antibody.pngEarlier, the Supreme Court ruled that MedImmune could sue Genentech for patent infringement even though MedImmune continued to pay licensing fees to Genentech to use disputed technology to develop the drug Synagis®.  At the same time, the U.S. Patent and Trademark Office decided to have a second review of the patents at issue, U.S. Pat. Nos. 4,816,567 and 6,331,415, which relate to antibodies and to non-specific immunoglobulins formed by recombinant techniques using host cell cultures.

The Patent Office has now finished those proceedings dealing with Genentech’s Cabilly patent under concurrent proceedings for an Inter Partes Reexamination (RE Appl. No. 90/007,542) and an Ex Parte Reexamination (RE Appl. No. 90/007,859).  While an earlier ruling by the Office declared the the claims invalid as being anticipated under various earlier patents and references, the Patent Office has now issued a Notice of Intent to Issue a Reexamination Certificate (NIRC) confirming the patentability of all claims of the Cabilly patent.  A fancy way of saying that the claims are good to go.

Note, during the reexamination process, Genentech did amend claims 21 through 32 but claims that there were amended in a way that does not affect the commercial viability of the patent. More importantly, this decision by the Patent Office is final and unappealable.

The Notice set out that the invention is for a method for producing an immunologically functional immunoglobulin molecule or an immunologically functional immunoglobulin fragment by transforming a single host cell with a first DNA sequence encoding immunoglobulin heavy chain and a second DNA sequence encoding immunoglobulin light chain and independently expressing the first DNA sequence and second DNA sequence so that said immunoglobulin heavy chain and light chain are produced as separate molecules in said transformed single host cell.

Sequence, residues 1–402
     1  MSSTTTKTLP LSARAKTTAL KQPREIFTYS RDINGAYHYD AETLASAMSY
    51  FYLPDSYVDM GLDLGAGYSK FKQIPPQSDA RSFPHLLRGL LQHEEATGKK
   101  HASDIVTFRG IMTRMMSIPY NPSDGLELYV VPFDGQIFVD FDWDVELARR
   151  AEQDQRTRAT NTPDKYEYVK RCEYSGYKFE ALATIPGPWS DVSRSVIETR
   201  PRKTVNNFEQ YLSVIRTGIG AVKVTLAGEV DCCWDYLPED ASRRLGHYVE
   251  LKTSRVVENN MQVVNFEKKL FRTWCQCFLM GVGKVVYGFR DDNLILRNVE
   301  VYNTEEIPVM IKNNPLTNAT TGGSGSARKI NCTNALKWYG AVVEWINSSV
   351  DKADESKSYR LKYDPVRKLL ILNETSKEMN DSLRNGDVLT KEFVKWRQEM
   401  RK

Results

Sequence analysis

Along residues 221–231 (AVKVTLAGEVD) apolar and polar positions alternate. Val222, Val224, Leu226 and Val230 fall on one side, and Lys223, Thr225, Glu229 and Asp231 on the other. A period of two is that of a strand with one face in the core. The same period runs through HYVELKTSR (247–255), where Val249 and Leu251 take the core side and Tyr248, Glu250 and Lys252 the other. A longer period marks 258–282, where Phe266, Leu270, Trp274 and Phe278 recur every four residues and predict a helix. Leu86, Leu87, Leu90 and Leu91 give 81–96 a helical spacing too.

Based on the prosecution history of the patent at issue, and the interference record from Interference No. 102,572, the Examiner determined that the term “immunoglobulin molecule” in claims 1 and 33 is considered to be an immunologically functional molecule and capable of binding to a known antigen.

The following is an examiner’s statement of reasons for patentability and/or confirmation of the claims found patentable in this reexamination proceeding:

The combination of the Cabilly I patent claims and the teachings of Axel, Rice, Kaplan, Builder, Accolla, Dallas, Moore patent, Deacon and Valle and Ochi references do not suggest or contain an enabling disclosure of a method to produce an immunologically functional immunoglobulin molecule by independently expressing immunoglobulin heavy chain and light chain in a single transformed host cell.

Claims 1-20, 33-36 are confirmed and amended claims 21-32 are allowed.

Genentech’s controversial patent will not expire now until the end of 2018, an expiration date that is over 29 years after the Cabilly I patent issued.  While we don’t know the details of the final settlement, I imagine that MedImmune is probably feeling pretty good right about now that they didn’t breach their license in order to bring their earlier action contesting the patents.

See the Patent Office documents here:

Notice of Intent to Issue a Reexamination Certificate
Notice of Intent to Issue a Reexamination Certificate


MedImmune and Genentech Settle, Lawyers Look For New Topic of Discussion
USPTO Smacks Down Genentech’s Antibody Patent
Supreme Court High-Fives MedImmune

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  1. Enablement, written description, and inequitable conduct, have been raised against Cabilly II.

    None of these issues are topics of reexamination (in general), and the specific reexamination addressed only issues of obvious-type double patenting.

  2. […] The USPTO upheld the validity of Genentech’s Cabilly patent.  We covered the development here, and Patent Baristas has covered it here. […]